Thursday, February 05, 2015

To Complete Performance Index (TCPI) and Cost Performance Index (CPI) - Part 1



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Last month in a PMP session, on "To Complete Performance Index (TCPI)", a number of questions came forward. Some of them are: 
  • What exactly is TCPI?
  • When will be the Budget At Completion (BAC) be used and/or when will be the Estimate At Completion (EAC) will be used?
  • Is it that when TCPI is less than 1, it means good and vice versa?
  • What is its relationship with Cost Performance Index (CPI) in performance measurement? 
  • What it has got to do with other calculations such as Net Present Value (NPV), Internal Rate of Return (IRR) etc.?
These were all discussed in the session. Here in addition, I'll share some more insight into TCPI and CPI. I'll also show with a simple example how a software (MS Project 2013) handles CPI and TCPI. 

1. The Fundamentals - TCPI and CPI:


To Complete Performance Index (TCPI) is used in Earned Value Measurement (EVM). It is one of the common indices used along with Schedule Performance Index (SPI) and Cost Performance Index (CPI) in EVM. To understand very quickly on SPI and CPI, I have given a simple example, which is available here (What is the Health of Your Project.)


Simply put, TCPI is a a future performance measurement for your project based on your past performance, whereas CPI is current performance measurement based on the project's past performance.  TCPI is a forecasting technique, where as CPI is a budgetary measurement or cost efficiency measurement technique. 


With CPI you can ask: Is my project within budget or is my project over budget? How is the project doing with respect to spent cost so far? With TCPI, you can ask: What performance level has to be achieved on the remaining work in order to meet the financial commitment - going forward? Both TCPI and CPI are used in EVM. When used together they are indeed very powerful in project-portfolio management. 


Note: Earned Value Measurement (EVM) is with respect to your defined baseline and your status date. Without baseline, you are not measuring anything. And in EVM, your measurement is "now" - on the status date. Re-read the just completed para again - it is important!


Mathematically put:

TCPI =  "Work Remaining"/"Funds Remaining",
 whereas, 

CPI = "Work Done"/"Funds Spent"

Now, Work Remaining = Total Work Planned - Work Donewhere work done is as on the status date.
Similarly, Funds Remaining = Total Budget Planned - Funds Spent, where funds spent is again on the status date.

Total Work Planned = Budget At Completion (BAC)
Work Done = Earned Value (EV)
Hence, work remaining = BAC - EV

Total Budget/Funds Planned = Budget At Completion (BAC)
Funds Spent = Actual Cost (AC)
Hence, funds remaining = BAC - AC

Considering these, the formula for TCPI comes as: 

TCPI = (Budget At Completion - Earned Value) / (Budget At Completion - Actual Cost) 
           = (BAC - EV)/ (BAC - AC)
CPI    = (Earned Value) / (Actual Cost)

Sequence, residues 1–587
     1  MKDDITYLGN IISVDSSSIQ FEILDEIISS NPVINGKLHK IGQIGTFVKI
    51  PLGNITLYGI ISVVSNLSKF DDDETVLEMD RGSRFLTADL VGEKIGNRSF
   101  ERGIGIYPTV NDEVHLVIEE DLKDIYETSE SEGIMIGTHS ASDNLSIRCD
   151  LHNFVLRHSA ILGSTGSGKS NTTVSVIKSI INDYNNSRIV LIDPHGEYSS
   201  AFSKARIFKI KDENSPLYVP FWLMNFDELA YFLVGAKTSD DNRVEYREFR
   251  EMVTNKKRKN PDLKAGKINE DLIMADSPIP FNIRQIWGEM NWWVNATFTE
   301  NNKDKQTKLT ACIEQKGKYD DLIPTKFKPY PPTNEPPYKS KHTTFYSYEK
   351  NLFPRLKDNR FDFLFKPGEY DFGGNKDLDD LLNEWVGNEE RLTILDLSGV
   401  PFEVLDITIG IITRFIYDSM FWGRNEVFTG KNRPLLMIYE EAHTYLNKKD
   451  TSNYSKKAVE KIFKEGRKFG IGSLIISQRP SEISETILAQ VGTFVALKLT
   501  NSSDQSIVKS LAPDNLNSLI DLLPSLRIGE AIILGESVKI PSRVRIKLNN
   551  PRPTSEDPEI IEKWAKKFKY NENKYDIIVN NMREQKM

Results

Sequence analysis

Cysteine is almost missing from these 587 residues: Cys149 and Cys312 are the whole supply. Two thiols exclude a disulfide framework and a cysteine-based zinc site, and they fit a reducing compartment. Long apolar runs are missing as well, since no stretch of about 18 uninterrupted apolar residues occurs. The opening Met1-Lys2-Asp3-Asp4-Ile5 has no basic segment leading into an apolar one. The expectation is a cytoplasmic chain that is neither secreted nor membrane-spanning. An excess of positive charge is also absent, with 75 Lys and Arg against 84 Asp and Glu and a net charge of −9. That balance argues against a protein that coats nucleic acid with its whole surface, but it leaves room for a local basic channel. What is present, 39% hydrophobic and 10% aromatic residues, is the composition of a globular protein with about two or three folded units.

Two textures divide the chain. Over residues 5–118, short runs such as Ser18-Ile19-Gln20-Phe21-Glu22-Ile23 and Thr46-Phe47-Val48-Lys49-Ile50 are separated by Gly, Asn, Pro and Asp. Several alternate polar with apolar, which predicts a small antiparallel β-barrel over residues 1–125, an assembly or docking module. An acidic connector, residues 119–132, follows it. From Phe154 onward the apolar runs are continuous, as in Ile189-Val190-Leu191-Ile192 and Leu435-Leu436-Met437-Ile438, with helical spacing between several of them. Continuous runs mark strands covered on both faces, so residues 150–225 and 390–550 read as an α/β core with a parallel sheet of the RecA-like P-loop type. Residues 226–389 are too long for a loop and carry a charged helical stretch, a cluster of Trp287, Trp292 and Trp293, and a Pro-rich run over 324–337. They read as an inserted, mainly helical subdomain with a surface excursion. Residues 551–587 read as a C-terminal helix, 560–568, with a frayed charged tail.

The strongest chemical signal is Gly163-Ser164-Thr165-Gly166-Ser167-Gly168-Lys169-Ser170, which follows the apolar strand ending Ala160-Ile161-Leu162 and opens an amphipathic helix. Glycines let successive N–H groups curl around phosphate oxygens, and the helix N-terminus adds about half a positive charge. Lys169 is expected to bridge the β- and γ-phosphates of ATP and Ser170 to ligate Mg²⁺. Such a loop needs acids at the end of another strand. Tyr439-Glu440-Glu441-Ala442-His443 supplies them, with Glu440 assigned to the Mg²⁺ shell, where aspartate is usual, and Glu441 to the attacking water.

= (EV) / (AC) 

Both CPI and TCPI are Indices, and hence the values will be one of these - "1" or "< 1" or "> 1".


Cost Performance Index is a measure of the value of work completed compared to the actual cost incurred. It is the cost efficiency of the project till date, i.e., with respect to the status date - the day on which you are measuring.


For CPI:

 - If less than one means bad. (i.e., You are over budget)
 - If more than one means good. (i.e., You are under budget)
 - If equal to one means you are on budget. (i.e., Your funds spent is perfectly alright or you are on budget)

It is depicted in the figure below.



Figure - Cost Performance Index 

CPI at a project level becomes cumulative CPI, which in plain terms is the add-up values of CPI for individual activities or work packages that you are measuring fully at a project level. 


For TCPI:

 - If less than one means good. (i.e., It is easier to complete)
 - If more than one means bad. (i.e., It is harder to complete)
 - If equal to one means it is perfectly alright. (i.e., It is same to complete)

Mark the words - for CPI while I am saying over or under budget; for TCPI, I am saying it is easier or harder to complete. 


So, how and where TCPI and CPI help? Here it is. 

Say you have a cumulative CPI of 0.5 and TCPI is coming at 1.5. It means based on your past performance, you are getting 50 cents for every $1 spent. But going forward, to meet the financial commitment, you need to have $1.5 in return for every $1 spent.  Now, that is highly unlikely. At best you can have 80 or 90 cents return, going forward. It means  you need to have a index of value 0.8 or 0.9 to meet your goal. 

This is also where the formula for TCPI changes - when your cumulative CPI has fallen below the baseline. Now your BAC (the budget that has been planned, authorized and baselined), as shown in the above data, is not going to help you, as your project's current cost performance (CPI) is low.  And as we saw, the predicted TCPI is difficult to achieve. Hence, EAC - the Estimate At Completion - is the new viable one. Once it is approved, EAC becomes the cost performance goal  in place of BAC. Simply put, EAC is your new baseline, once approved.